It happened to Lord Lundy then/as happens to so many men/ about the age of 26/ they shoved him into politics...

He suffered a stroke in 1941, and lived the rest of his life very quietly.

Historical and political writing, and Catholic apologetics

Two of his best known works are The Servile State (1912) and Europe and Faith (1920). He wrote a long series of contentious biographies of historical figures, including Oliver Cromwell, James II, and Napoleon.

He was an ardent proponent of orthodox Catholicism and a critic of many elements of the modern world. In The Servile State, and in many other works, Belloc criticized the modern economic order, advocating instead a theory known as distributism in opposition to both capitalism and socialism.

He wrote one of the alternative history stories/essays for the 1932 collection If It Had Happened Otherwise edited by Sir John Squire.

Musical settings, parody

A notable admirer of Belloc was the composer Peter Warlock, who set many of his poems to music. A well-known parody of Belloc by Sir John Squire, intended as a tribute, is Mr. Belloc's Fancy.

Belloc and authoritarian politics

He wrote in favour of a particular brand of authoritarian politics, particularly in the early 1920s. In this he drew on his disillusionment with parliamentary politics, a theme found also in his earlier fiction. He was, on the other hand, a vociferous critic of Hitler when he came to power.

Belloc and anti-Semitism

Belloc has been charged with anti-Semitism, and the issue of his attitude to Jews is still raised. For example, Norman Rose's book The Cliveden Set (2000) poses the question of whether Nancy Astor (see Cliveden set, for the context), a friend of Belloc's in the 1930s until they broke over religious matters, was influenced by him against Jews in general. Rose asserts that Belloc 'was moved by a deep vein of hysterical anti-Semitism'. What is the evidence for this? It is not disputed that he was repeatedly critical of the influence some Jewish people had on society and the world of finance. He is, however, consistently defended by some, as not an anti-Semite.

There are a number of grounds on which Belloc has been deemed by some to be anti-Semitic and not concerned to conceal his views. His association with G. K. Chesterton and Cecil Chesterton is one, though inconclusive; the somewhat unworldly G. K. Chesterton expressed views (for example in The New Jerusalem, 1920) about the separateness of Jews by culture and religion which must have been offensive to some, Cecil having died in 1918. Belloc's tendency to allude to Jews in conversation, in a seemingly obsessive fashion on occasion, is noted by A. N. Wilson's biography.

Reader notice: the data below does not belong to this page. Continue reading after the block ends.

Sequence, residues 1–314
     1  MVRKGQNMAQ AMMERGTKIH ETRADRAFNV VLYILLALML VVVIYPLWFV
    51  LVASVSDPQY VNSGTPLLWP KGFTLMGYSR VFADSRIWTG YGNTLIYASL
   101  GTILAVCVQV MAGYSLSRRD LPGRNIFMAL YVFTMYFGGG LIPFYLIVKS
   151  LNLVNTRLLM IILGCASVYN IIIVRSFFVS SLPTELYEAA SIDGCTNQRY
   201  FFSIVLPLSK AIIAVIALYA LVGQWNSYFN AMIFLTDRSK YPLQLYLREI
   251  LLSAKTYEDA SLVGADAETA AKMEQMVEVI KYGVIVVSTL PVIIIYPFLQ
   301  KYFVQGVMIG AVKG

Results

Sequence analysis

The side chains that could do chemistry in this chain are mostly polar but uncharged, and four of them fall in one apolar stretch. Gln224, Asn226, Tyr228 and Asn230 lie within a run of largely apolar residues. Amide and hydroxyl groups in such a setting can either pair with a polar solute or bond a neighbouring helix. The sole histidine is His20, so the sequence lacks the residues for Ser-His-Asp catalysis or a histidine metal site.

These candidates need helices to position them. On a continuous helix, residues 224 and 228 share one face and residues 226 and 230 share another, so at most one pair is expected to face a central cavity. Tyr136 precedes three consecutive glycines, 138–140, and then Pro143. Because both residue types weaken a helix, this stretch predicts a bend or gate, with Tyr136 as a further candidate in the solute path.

The journalism of Cecil Chesterton for Belloc's publication Eye-Witness at the time of the Marconi scandal is more substantive. One Jewish member of the government, Herbert Samuel, was accused and no evidence was ever shown of his involvement (as against that of Rufus Isaacs, who was cleared by Parliament but had a case to answer). Private Eye, the British satirical and investigative magazine that is in a sense a remote descendant, has similarly been in the past been called anti-Semitic, a charge more easily deflected by editorial policy in the absence of any equivalent of distributism, the economic theory proposed by Belloc and the Chestertons.

Belloc's own book The Jews (1922) sets out his views in his own words. It has been construed both as supporting the case that Belloc had no animus against Jews, and as a statement of the historical view that Jewish integration 'inevitably' causes friction. It could be argued that these are two parts of a consistent view, and that Hilaire Belloc was saying the same thing, at the time.

References

External links

Online editions of his works

Other sites

  • At Spartacus (http://www.spartacus.schoolnet.co.uk/PRbelloc.htm)
  • 'On Nothing' (http://onnothing.blogspot.com/) A blog highlighting glimpses of Hilaire Belloc & G.K. Chesterton in the media and the world today.
  • 2003 article (http://www.thetablet.co.uk/cgi-bin/register.cgi/tablet-00764) from The Tablet by Ian Boyd

be:Хілэр Бэлак de:Hilaire Belloc eo:Hilaire BELLOC Template:Lived